Books About The Mickey Mouse Club
|Walt, Mickey, and Me
Confessions of the first ex-Mouseketeer
by Paul Petersen
Dell Publishing Company, New York 1977
Paul now qualifies his claim in the sub-title of this book by adding the phrase "fired for Conduct Unbecoming". When he wrote it, he was unaware that Dallas Johann had been replaced by his older brother Lee for performance reasons prior to Paul's dismissal. This is a minor quibble, but it's indicative of a weakness that pervades this book: a feeling that Paul really doesn't know, or care much
about, the other Mouseketeers as individuals. Indeed, he seems to actively dislike Lonnie Burr and goes out of his way to insult him, and his memories of the crew are hazy ...e.g. choreographer Burch Mann wasn't a man.
Though Paul claims to have interviewed thirty-one of the Mouseketeers, only one of those interviews (Annette) is discussed. For the rest, there are quotes from the core Red Team members, and an anonymous male (probably Mike Smith). Anonymity is fine in some cases, but Paul uses it to titillate the reader by saying three male Mouseketeers are gay, two female Mouseketeers are easy, that another male Mouseketeer is a loser working behind the camera because he couldn't make it as a performer. Where he does provide specific details, it is mostly material that can be found in Keith Keller's Mickey Mouse Club Scrapbook, published two years before this book. The few exceptions to this are Lonnie, Doreen (whom Paul obviously liked and knew a great deal about from her own mouth), and Annette.
Okay, I've finished the negative side of this review; now let's talk about the book's strong points, for they greatly outweigh the weaknesses. If you really want to understand the Mickey Mouse Club show, its initial appeal, why it failed, and what were the common experiences of its cast, then you need to read this book. Using Nielsen ratings, his knowledge of show business and advertising contracts, and Disney's own production budget figures, Paul clearly explains why the show lasted only two years in its hour format, why it was cut to a half-hour for the third-season, and then replaced by reruns for the fourth. His explanation makes far more sense than the one still offered today in the official Disney sources, which imply that Walt felt there were too many commercials. And speaking of Walt, Paul offers a clear-headed assessment of his character, accomplishments, and failings.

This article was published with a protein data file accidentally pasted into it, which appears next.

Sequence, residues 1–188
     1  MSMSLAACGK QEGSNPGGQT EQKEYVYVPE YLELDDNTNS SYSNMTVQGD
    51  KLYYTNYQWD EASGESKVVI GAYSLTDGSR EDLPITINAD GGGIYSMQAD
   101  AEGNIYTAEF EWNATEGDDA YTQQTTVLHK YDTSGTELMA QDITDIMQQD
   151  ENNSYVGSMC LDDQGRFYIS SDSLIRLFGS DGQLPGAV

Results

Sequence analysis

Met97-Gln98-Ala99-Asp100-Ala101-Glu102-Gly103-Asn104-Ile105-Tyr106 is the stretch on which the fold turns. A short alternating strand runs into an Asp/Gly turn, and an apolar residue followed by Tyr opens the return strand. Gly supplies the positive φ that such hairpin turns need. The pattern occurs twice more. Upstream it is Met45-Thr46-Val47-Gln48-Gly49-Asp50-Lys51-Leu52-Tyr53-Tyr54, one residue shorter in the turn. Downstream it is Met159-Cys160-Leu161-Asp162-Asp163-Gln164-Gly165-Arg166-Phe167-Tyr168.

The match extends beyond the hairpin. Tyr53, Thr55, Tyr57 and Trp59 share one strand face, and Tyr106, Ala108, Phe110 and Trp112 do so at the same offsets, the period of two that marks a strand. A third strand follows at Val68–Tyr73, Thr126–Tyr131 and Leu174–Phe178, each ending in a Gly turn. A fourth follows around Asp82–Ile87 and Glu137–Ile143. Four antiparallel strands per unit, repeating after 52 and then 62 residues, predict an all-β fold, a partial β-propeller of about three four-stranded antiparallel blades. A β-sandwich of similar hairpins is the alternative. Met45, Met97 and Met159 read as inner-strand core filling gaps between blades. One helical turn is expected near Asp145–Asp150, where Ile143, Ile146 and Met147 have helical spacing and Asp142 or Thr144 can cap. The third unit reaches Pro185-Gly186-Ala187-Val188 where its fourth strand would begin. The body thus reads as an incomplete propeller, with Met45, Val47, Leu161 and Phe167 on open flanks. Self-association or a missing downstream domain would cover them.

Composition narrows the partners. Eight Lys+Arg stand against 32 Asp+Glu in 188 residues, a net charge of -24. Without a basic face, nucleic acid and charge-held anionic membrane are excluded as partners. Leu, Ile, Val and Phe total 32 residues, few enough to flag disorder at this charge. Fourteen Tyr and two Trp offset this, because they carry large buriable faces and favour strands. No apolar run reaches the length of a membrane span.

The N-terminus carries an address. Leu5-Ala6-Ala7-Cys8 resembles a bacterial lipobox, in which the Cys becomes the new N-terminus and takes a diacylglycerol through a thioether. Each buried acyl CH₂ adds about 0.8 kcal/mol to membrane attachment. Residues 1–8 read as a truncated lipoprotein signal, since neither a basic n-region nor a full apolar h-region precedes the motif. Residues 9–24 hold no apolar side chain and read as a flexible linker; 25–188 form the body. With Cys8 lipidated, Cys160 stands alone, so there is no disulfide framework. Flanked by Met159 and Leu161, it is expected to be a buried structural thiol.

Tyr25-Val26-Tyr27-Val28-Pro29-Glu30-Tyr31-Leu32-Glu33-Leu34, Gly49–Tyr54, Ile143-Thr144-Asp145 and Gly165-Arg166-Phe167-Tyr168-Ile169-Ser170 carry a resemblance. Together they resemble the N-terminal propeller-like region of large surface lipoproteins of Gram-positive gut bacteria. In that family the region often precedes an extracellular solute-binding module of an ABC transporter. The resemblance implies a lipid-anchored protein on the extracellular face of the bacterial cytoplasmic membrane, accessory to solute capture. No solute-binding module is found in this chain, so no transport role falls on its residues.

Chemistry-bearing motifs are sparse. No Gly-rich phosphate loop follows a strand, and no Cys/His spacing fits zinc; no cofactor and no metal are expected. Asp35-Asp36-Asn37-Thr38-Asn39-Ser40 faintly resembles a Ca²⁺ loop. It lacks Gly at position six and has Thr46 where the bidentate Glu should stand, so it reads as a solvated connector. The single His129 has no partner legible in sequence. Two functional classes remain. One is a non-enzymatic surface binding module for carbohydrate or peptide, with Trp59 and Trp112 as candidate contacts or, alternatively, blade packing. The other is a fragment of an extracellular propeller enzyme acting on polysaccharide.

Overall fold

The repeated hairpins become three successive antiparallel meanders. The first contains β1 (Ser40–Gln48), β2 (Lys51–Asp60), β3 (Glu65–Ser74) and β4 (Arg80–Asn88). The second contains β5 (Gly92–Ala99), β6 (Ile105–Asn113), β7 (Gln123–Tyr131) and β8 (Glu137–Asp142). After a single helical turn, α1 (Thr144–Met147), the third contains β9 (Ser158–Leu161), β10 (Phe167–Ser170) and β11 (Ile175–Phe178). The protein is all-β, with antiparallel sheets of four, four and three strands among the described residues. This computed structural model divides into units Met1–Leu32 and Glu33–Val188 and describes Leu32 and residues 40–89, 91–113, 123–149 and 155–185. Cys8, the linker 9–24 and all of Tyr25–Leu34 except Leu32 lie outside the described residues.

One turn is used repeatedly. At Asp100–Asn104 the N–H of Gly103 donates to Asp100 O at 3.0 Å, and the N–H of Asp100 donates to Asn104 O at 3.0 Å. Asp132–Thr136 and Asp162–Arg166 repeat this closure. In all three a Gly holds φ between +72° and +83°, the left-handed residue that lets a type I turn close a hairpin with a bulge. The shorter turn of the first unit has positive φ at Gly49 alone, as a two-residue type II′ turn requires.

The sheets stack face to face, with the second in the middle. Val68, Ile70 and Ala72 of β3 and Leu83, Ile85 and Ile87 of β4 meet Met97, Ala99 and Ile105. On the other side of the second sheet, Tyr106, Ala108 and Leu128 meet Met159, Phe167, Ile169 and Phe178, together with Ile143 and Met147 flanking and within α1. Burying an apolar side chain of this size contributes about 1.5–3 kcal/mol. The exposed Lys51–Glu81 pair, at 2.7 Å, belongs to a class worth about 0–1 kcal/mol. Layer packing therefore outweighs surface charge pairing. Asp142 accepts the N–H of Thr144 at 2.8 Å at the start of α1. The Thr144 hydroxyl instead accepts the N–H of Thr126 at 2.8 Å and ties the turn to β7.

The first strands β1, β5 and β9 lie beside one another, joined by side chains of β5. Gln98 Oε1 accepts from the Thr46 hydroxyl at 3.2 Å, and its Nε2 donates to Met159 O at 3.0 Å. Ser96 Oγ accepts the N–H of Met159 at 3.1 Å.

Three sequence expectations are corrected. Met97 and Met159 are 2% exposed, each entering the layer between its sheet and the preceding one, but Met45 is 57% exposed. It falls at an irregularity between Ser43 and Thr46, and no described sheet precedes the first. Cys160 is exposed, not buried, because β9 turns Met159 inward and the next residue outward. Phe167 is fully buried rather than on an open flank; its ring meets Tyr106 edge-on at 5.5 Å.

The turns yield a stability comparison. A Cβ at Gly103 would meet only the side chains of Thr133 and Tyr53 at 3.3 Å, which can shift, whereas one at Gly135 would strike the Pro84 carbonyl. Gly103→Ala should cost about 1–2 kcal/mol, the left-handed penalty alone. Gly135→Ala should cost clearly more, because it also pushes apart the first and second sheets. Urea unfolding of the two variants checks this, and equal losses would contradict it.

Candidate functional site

Paul also is quite candid about his own misdeeds, both on the show and later on at a Disneyland appearance. In his short tenure (Paul says three weeks, but six seems more likely), he roamed endlessly about the studio, climbed the catwalks, argued with the crew, fought with Mickey Rooney Jr, pushed an unnamed female Mouseketeer (probably Bronson Scott) into a swimming pool for following him around, and then punched casting director Lee Traver in the stomach and called him Fatso. In short, he was a typical American boy in an atypical environment, and he responded just like a normal kid would.
His interview with Annette is revealing, but not in the way he intended. Paul clearly states several times that Annette received the bulk of her fan mail from upstate New York, where her large extended family lived, though he doesn't say where he got this information. Paul isn't fooled by Annette's modesty, her apparent need to be protected. He knows she is a cool, calculating, intelligent lady, who understands her own image very well. When Paul pushes a bit, insisting she must have known how big a star she was on the show, she stops him cold with a stiletto thrust about his first wife Brenda Benet (who, coincidently, was once involved with Lonnie Burr). He should have known better than to try and get her to go against the official Disney line; it's all in her favor, and she had nothing to gain by candor.